The Physical Shin (Prior)
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(Whether We Need It Or Not)
Oh no, here it comes again. Oddly enough, I got my first notice from my beloved utility (and former employer) PG&E, in a notice telling me how to prepare for it. Yes, it’s coming March 13, Daylight Savings time. Spring forward. This is my least favorite day of the year, as I’m robbed of an hour of sleep. To top it all off, it comes on a Sunday, the one day of the week when I often need to get up via alarm clock.
Normally church starts at 10:30. But I’m in the church band “Joyful Noise” which plays at 10:20 and show up at 9:40 to rehearse / sound check. There’s a Unitarian church five minutes from my house, but no. I’m a member of the Oakland UU church which means it’s generally a 30- minute drive, but I need to allow 40, just in case. I need to get out of bed by 8:30 if I’m to have any sense of easing into my day.
But with DST, it’s gonna feel like 7:30. Ugh. Not the retirement of my dreams. I put this in my “Physical” section because I always feel rotten for a couple of days after the event. As a retiree, there’s no need for it. The one day is over soon enough, and my naps have been improving in quality over the last few years. Then I can simply continue sleeping in as late as I want. So what if the clock says 9:30 when I wake up?
Sadly, it never works that way. There’s something in my psyche that makes me feel as though I’ve been robbed. Yet it sounds so positive. Spring forward! Spring is for many, the favorite season. It symbolizes the emergence from dark unpleasantness into a bright, sunny future. Loving in Michigan, I longed for that first day of the snow melting, breaking out my baseball glove and spring training for my beloved Detroit Tigers.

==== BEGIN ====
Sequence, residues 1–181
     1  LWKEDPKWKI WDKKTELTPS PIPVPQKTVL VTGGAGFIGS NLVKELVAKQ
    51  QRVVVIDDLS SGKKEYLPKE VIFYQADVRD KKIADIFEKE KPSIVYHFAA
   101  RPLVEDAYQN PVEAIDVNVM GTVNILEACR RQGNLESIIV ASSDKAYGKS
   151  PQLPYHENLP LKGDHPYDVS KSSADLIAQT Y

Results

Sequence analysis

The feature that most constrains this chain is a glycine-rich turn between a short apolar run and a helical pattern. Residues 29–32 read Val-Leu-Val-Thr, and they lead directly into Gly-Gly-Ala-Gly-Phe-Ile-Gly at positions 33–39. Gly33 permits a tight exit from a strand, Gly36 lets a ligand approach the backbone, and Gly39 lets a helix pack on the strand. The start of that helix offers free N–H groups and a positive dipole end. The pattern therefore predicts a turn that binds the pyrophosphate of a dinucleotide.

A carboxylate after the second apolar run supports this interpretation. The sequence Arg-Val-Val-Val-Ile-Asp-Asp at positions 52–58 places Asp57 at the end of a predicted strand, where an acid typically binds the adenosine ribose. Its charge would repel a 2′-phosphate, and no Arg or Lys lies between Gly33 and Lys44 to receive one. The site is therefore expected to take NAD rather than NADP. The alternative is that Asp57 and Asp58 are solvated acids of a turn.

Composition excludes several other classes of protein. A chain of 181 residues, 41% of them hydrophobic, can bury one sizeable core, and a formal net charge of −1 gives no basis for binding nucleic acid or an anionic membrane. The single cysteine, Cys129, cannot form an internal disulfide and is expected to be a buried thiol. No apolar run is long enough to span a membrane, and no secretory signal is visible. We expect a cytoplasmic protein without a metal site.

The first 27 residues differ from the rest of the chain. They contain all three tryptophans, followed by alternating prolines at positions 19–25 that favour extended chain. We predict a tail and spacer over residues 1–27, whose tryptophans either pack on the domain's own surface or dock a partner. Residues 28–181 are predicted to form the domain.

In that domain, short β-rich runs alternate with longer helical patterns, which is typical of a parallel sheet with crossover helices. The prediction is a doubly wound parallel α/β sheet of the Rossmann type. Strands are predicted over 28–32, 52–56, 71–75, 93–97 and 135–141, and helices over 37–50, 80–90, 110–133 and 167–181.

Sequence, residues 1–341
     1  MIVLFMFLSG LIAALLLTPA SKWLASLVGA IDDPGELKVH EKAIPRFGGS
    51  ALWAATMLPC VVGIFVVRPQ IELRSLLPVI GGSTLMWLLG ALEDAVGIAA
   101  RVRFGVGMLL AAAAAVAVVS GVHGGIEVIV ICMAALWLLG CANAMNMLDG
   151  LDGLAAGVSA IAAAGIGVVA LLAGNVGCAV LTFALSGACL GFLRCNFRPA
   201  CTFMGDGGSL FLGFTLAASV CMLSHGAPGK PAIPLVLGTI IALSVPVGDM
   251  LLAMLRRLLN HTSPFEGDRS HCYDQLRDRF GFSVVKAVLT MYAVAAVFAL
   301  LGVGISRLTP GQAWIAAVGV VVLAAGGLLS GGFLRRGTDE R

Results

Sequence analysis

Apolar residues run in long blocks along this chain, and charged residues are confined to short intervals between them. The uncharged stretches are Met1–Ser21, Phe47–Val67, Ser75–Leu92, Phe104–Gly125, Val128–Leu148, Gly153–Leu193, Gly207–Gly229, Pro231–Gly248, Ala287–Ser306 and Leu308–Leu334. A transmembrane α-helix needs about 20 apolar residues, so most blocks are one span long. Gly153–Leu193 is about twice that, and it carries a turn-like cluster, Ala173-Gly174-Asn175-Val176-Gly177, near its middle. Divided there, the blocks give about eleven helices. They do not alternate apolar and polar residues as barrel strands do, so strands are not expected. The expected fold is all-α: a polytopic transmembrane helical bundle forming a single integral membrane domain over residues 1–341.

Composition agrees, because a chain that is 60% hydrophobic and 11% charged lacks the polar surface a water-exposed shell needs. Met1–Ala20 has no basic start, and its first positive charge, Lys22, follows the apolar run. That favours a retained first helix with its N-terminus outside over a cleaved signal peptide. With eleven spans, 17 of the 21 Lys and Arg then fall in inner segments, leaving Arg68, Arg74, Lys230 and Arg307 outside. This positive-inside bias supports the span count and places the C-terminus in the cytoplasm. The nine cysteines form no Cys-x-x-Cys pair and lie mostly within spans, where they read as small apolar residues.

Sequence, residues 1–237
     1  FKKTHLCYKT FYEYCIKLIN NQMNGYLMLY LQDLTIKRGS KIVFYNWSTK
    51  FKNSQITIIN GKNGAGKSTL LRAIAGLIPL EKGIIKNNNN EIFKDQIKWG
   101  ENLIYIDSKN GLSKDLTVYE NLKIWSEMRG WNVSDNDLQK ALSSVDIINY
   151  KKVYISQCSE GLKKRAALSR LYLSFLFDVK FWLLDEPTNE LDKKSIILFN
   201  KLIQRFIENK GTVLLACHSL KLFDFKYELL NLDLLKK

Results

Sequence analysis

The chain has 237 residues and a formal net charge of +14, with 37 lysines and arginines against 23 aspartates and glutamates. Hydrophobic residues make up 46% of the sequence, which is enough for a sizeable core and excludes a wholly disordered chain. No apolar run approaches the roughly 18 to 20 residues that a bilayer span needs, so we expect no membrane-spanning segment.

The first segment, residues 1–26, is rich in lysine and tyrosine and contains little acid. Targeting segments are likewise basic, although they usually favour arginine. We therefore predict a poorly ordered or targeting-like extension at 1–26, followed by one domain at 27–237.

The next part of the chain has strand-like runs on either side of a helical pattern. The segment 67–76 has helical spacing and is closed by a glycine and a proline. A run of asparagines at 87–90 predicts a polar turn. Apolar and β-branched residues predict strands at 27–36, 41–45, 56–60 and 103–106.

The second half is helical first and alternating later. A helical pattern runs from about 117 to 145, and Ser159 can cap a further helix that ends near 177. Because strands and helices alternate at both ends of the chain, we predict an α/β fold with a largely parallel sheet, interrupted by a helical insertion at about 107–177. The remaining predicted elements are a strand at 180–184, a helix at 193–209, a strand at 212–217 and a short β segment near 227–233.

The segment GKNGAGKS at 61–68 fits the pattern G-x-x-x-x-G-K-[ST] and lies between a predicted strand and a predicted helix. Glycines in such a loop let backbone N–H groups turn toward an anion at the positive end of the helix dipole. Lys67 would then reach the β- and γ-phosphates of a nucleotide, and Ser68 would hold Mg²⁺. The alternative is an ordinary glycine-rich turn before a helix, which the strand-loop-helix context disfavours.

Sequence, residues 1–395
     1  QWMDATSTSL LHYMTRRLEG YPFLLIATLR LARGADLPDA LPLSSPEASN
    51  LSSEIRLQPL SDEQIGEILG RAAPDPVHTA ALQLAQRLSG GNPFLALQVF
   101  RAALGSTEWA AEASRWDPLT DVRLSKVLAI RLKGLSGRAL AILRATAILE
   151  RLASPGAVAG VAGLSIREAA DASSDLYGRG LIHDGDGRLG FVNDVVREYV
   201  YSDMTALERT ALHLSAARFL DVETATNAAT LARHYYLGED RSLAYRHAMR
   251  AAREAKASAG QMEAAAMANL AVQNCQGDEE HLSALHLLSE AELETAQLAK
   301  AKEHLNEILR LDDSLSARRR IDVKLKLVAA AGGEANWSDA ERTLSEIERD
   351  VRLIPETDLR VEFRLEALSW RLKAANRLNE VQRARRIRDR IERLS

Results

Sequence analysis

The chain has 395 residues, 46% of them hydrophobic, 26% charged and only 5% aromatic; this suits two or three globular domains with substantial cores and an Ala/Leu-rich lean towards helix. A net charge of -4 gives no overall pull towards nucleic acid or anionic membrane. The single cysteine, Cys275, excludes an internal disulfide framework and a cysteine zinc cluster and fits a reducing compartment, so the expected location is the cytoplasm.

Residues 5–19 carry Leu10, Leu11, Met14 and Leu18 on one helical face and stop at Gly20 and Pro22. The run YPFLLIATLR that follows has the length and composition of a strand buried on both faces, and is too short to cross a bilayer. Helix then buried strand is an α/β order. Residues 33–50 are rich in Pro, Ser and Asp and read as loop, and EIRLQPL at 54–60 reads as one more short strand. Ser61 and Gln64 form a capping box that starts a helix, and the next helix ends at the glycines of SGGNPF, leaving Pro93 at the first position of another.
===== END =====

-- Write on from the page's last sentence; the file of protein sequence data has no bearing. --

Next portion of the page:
Forward. Another positive word. The notion of moving forward is synonymous with progress. Moving backward is conjures images of losing previous gains. Put them together, and you’ve got spring forward as how to deal with Daylight Savings Time. I deal with it by feeling sleep deprived for at least a week. It’s not necessarily logical, but it’s just the way it is.
A quick survey of my house tells me that I have six clocks to reset, seven if I count the one in my car. Yeah, I need to set that one too. It’s usually the last one I get to, because I only notice it when I’m driving, and I don’t like to try to remember how to do it while I should be concentrating on the road. I usually wind up making a
Last update: March 7, 2022
Yeah, like I need a visual aid to set my clock ahead an hour. Really. Mark the date, March 13.
separate trip to the car to get that one. My bedroom clock is another adventure, because I like to permanently set it about fifteen minutes fast. That way, if the alarm rings, I’ll look at it and think I’m already late. I’m out of bed like a shot. You’d think I couldn’t fool myself that way, but I have for years. Now, I have to add another hour.
Am I alone in complaining? Hardly. The American Academy of Sleep Medicine has for years been calling for us to switch to a standard time because of what they call “ample evidence of the negative, short-term consequences of seasonal time changes. The movement in time creates a type of need for orientation and reacclimating, which puts a person off-center.” This from Dr. Kathy Sexton-Radek, of Elmhurst College. She obviously knows of what she speaks.
In 2018, California voters passed Prop. 7, asking the legislature to set a single, permanent standard time or a permanent, year-round DST (if allowed by the federal government.) But it’s allegedly complicated as to which is preferable.
For now I guess we’re stuck with the change to DST, and on March 13, I’ll begin the process of adjusting, feeling horrible for at least a week. And complaining about it much longer.